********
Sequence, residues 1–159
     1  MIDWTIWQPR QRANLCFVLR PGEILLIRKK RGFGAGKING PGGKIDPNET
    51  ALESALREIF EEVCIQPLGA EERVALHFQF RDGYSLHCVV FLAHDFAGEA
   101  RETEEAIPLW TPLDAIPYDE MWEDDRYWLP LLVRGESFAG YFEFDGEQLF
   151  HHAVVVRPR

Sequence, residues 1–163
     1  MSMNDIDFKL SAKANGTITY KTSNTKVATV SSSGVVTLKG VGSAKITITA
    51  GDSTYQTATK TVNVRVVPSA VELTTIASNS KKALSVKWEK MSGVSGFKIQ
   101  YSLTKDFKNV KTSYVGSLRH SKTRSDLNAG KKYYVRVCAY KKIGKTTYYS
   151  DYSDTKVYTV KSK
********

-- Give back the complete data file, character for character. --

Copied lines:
Sequence, residues 1–159
     1  MIDWTIWQPR QRANLCFVLR PGEILLIRKK RGFGAGKING PGGKIDPNET
    51  ALESALREIF EEVCIQPLGA EERVALHFQF RDGYSLHCVV FLAHDFAGEA
   101  RETEEAIPLW TPLDAIPYDE MWEDDRYWLP LLVRGESFAG YFEFDGEQLF
   151  HHAVVVRPR

Sequence, residues 1–163
     1  MSMNDIDFKL SAKANGTITY KTSNTKVATV SSSGVVTLKG VGSAKITITA
    51  GDSTYQTATK TVNVRVVPSA VELTTIASNS KKALSVKWEK MSGVSGFKIQ
   101  YSLTKDFKNV KTSYVGSLRH SKTRSDLNAG KKYYVRVCAY KKIGKTTYYS
   151  DYSDTKVYTV KSK